Jovinda said goodbye to Noli with a heavy heart. They had made up their quarrel and she stood on the doorstep of their house with Carthinal as she waved him off. She blinked back her tears as she stood waving until he could no longer be seen.

'How long will Daddy be away?' Carthinal asked.

'I don't know, dear. He'll come and see us when he gets leave.'

Two years passed. Noli came home as often as he could, but he needed a long leave to make the journey to Bluehaven from Rindissillaron and back and he had little time when he was there. Jovinda had to rely on his letters to tell her of the progress of the war.

In one letter, Noli wrote of how the war was nearly won. Grimmshollin had retreated to a very small area and was barely holding it. It would be only a few days before the war was over.

Jovinda was delighted at this news and eagerly looked forward to welcoming Noli home. Every day she expected a letter, or even Noli himself to arrive. The letter came in just over a sixday saying that there was one more battle to end the war and then just a few things to sort out before Noli came home. She was ecstatic and began to prepare a welcome home party.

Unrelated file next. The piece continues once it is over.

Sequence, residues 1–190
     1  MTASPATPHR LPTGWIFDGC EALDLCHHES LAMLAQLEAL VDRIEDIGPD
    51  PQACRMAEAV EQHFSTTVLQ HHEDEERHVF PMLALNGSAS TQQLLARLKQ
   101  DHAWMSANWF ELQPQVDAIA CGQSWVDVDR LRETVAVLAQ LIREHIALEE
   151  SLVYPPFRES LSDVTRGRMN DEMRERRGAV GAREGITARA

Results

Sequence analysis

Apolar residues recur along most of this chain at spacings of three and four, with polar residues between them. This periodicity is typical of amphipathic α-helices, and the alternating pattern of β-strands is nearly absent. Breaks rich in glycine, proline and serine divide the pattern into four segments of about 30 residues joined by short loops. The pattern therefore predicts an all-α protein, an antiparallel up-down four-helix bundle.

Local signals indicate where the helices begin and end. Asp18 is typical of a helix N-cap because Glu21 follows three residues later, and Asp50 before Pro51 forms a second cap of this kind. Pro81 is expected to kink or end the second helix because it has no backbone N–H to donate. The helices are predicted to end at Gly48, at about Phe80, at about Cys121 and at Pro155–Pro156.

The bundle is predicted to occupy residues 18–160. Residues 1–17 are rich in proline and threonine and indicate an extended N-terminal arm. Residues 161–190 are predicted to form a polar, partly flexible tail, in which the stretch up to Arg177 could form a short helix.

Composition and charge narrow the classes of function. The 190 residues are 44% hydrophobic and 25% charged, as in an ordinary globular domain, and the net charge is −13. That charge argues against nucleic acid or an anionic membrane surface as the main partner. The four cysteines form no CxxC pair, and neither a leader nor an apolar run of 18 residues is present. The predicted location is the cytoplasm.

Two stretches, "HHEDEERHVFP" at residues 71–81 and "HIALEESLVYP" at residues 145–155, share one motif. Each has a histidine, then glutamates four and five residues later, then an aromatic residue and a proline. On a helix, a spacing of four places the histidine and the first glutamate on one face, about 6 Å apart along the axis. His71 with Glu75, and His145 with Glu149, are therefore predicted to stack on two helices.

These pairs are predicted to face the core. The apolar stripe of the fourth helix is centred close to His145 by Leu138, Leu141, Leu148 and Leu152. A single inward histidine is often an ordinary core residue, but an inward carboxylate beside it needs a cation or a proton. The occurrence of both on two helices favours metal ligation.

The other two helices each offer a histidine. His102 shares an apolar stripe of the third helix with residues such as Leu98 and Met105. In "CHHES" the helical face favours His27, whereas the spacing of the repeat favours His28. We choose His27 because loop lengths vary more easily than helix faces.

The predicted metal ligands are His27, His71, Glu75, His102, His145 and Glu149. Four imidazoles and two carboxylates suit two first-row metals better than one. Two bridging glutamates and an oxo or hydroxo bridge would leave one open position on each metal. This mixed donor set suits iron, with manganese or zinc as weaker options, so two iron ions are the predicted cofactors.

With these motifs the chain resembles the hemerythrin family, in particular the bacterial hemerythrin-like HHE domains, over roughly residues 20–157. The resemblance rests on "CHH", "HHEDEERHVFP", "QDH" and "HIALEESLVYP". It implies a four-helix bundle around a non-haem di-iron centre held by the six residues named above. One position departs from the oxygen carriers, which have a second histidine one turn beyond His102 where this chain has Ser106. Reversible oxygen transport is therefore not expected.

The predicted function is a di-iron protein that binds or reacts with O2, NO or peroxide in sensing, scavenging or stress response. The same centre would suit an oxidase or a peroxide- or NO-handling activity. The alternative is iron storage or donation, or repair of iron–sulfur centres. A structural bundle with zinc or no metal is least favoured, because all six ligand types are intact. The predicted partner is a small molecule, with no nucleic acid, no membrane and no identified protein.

A couple of sixdays later, there was a knock on the door. Their butler answered and showed an officer into the drawing room where Jovinda sat reading to Carthinal. She rose as the officer entered.
He saluted and introduced himself as Roshinderal, who was Noli's friend.

'Yes, he's spoken of you often in his letters,' Jovinda told him. 'Do you know when he'll be home? I'm planning a welcome home party for him, you see.'

The young captain cleared his throat and looked embarrassed.

'Perhaps you'd better send your son out of the room, Madam,' he said.

Jovinda's heart began to beat quickly as she told Carthinal to go to the nursery. At first she though he would refuse as she saw tell-tale signs come over his face, but the boy thought better of it and left.'

'Please, sit down,' said Roshinderal, as though it were his house and she were the visitor.

Jovinda sat down as requested, heart sinking. Then Roshinderal cleared his throat again and began to speak.

'It was the last battle, and nearly the end of that too. The enemy was retreating. Noli laughed and said he always knew we'd win as we were in the right. Just then, one of the enemy archers turned and drew his bow. The arrow took Noli.'

Jovinda's hand went to her mouth.

'How is he? Can I go to see him? Is he badly injured?'

Roshinderal took Jovinda's hand in his.